Thursday 26 August 2021

Media Quotes of the Week: From Taliban already threatening and harassing journalists to Society of Editors withdraws 'UK press not racist' statement

Reporters Without Borders (RSF) in a statement:
"Publicly, the Taliban have undertaken to protect journalists and respect press freedom but the reality in Afghanistan is completely different. The new authorities are already imposing very harsh constraints on the news media even if they are not yet official.The list of new obligations for journalists is getting longer by the day. Less than a week after their spokesman pledged to respect freedom of the press 'because media reporting will be useful to society,' the Taliban are subjecting journalists to harassment, threats and sometimes violence."

Jeremy Dear, International Federation of Journalists deputy general secretary, on journalists in Afghanistan: "
It is an incredibly challenging time for media workers. Many are fearful for their lives, women journalists are being prevented from working, some media have been forced to close, hundreds have fled or are trying to leave the country. At the same time others are trying to continue to work as journalsts but with a threat hanging over them and with severe restrictions on what they can report. Despite the propaganda that there would be no revenge by the taliban there have been reports of door to door searches for journalists and threats against many of them...We had one instance of a family being threatened and told the only way they would be left in peace is if their daughter - a journalist - married the local Taliban commander."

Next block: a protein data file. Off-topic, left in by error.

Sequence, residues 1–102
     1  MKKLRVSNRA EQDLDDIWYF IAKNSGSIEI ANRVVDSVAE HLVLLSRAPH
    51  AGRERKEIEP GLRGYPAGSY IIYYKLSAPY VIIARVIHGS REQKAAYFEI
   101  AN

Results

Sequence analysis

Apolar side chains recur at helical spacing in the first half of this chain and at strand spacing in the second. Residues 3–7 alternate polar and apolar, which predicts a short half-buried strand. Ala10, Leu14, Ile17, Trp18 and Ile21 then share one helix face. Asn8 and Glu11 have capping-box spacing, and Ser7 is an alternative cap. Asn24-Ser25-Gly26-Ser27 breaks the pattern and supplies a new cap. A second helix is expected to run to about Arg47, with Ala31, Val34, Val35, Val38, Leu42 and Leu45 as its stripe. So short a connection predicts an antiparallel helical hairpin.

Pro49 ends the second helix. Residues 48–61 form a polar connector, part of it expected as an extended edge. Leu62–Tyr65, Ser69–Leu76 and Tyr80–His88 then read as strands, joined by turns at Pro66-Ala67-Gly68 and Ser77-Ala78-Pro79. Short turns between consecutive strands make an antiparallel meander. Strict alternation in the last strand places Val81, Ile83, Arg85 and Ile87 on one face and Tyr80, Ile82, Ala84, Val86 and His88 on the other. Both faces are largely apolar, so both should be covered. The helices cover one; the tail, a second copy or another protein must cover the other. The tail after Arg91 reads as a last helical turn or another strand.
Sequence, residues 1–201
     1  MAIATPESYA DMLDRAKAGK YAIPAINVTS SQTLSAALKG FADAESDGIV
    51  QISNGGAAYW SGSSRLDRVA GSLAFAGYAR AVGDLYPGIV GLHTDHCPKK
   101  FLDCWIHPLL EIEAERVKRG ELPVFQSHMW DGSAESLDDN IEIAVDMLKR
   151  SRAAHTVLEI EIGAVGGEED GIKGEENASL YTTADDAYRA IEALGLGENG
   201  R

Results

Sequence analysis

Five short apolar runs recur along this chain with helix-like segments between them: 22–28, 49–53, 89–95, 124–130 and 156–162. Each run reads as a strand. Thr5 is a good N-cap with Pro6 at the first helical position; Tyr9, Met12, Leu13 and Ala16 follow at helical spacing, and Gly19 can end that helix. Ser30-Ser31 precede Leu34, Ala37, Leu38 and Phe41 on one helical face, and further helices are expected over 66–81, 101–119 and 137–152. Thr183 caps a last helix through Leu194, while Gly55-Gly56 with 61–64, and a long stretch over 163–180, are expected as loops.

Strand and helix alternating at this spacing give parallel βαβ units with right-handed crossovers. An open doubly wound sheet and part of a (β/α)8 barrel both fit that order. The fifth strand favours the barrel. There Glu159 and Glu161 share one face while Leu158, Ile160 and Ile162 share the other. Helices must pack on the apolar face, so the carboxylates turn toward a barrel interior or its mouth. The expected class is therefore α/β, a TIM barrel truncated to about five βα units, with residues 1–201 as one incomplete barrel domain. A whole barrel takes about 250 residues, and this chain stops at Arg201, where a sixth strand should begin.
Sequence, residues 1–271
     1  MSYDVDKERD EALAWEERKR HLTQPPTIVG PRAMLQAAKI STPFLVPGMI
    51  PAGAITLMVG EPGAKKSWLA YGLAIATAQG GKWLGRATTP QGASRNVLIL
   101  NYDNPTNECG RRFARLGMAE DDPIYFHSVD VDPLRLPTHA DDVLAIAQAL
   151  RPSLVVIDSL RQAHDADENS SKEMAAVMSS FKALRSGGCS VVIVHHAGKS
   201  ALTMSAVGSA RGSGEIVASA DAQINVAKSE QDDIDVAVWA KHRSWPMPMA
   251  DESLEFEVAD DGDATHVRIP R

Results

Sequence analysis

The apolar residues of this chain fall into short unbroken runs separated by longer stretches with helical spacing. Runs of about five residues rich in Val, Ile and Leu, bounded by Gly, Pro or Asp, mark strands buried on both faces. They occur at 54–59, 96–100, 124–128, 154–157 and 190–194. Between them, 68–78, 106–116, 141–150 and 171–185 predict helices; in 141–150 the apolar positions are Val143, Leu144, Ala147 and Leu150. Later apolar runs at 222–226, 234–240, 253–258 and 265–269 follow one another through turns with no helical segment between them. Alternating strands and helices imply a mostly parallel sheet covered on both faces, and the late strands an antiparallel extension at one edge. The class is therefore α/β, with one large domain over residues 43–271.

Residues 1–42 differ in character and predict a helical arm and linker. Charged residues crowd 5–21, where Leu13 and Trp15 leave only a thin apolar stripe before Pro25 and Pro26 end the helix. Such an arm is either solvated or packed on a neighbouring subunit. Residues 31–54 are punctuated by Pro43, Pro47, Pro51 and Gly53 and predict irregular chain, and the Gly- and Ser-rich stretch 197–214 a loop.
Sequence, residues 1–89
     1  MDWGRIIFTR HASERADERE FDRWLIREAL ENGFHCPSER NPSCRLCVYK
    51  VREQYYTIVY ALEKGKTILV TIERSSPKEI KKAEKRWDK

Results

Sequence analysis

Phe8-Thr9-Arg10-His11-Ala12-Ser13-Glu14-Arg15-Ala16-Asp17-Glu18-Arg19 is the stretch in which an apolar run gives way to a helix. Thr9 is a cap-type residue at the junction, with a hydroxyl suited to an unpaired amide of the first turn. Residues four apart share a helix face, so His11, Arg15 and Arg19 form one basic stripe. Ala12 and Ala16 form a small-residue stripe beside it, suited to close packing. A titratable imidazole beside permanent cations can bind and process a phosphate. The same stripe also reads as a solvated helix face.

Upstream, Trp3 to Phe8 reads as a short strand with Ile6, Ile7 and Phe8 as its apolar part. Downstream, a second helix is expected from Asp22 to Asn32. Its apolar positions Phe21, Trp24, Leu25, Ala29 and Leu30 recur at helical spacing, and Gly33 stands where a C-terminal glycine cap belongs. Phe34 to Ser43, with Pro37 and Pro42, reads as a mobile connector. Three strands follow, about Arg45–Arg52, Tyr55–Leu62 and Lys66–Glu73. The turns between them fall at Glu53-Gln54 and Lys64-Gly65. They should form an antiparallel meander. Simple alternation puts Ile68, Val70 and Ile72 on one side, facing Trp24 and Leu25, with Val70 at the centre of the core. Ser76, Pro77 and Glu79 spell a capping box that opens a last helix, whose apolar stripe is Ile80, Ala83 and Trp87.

The Committee to Protect Journalists in a statement"As the Taliban attacks reporters, searches their homes, and takes two female state TV anchors off the air, CPJ calls on the group to stand by its public commitment to allow a free and independent press, and to guarantee that all journalists are able to work safely and without interference. CPJ also urges the United States to ensure the safety of Afghan journalists by facilitating safe passage out of the country and providing emergency visas."

Deutsche Welle (DW) Germany’s international broadcaster reports:
"Taliban fighters hunting a DW journalist have shot dead one member of his family and seriously injured another. The Taliban were conducting a house-to-house search to try and find the journalist, who now works in Germany. Other relatives were able to escape at the last moment and are now on the run. DW Director General Peter Limbourg issued a strong condemnation and called on the German government to take action. 'The killing of a close relative of one of our editors by the Taliban yesterday is inconceivably tragic, and testifies to the acute danger in which all our employees and their families in Afghanistan find themselves,' Limbourg said."